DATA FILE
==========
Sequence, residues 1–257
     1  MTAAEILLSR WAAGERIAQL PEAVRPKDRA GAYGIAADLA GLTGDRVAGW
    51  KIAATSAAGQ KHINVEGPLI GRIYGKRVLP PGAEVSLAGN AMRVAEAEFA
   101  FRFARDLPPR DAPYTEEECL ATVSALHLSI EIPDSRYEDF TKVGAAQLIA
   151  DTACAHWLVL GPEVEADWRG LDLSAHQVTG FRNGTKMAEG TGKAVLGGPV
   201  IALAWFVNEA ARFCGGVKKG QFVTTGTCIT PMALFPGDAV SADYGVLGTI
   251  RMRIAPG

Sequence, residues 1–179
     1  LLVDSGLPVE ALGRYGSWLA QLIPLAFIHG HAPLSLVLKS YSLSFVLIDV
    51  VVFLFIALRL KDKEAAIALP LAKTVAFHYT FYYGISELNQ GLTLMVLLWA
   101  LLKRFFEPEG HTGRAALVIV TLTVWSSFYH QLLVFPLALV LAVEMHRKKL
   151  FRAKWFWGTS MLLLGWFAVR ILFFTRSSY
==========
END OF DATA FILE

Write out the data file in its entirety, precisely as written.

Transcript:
Sequence, residues 1–257
     1  MTAAEILLSR WAAGERIAQL PEAVRPKDRA GAYGIAADLA GLTGDRVAGW
    51  KIAATSAAGQ KHINVEGPLI GRIYGKRVLP PGAEVSLAGN AMRVAEAEFA
   101  FRFARDLPPR DAPYTEEECL ATVSALHLSI EIPDSRYEDF TKVGAAQLIA
   151  DTACAHWLVL GPEVEADWRG LDLSAHQVTG FRNGTKMAEG TGKAVLGGPV
   201  IALAWFVNEA ARFCGGVKKG QFVTTGTCIT PMALFPGDAV SADYGVLGTI
   251  RMRIAPG

Sequence, residues 1–179
     1  LLVDSGLPVE ALGRYGSWLA QLIPLAFIHG HAPLSLVLKS YSLSFVLIDV
    51  VVFLFIALRL KDKEAAIALP LAKTVAFHYT FYYGISELNQ GLTLMVLLWA
   101  LLKRFFEPEG HTGRAALVIV TLTVWSSFYH QLLVFPLALV LAVEMHRKKL
   151  FRAKWFWGTS MLLLGWFAVR ILFFTRSSY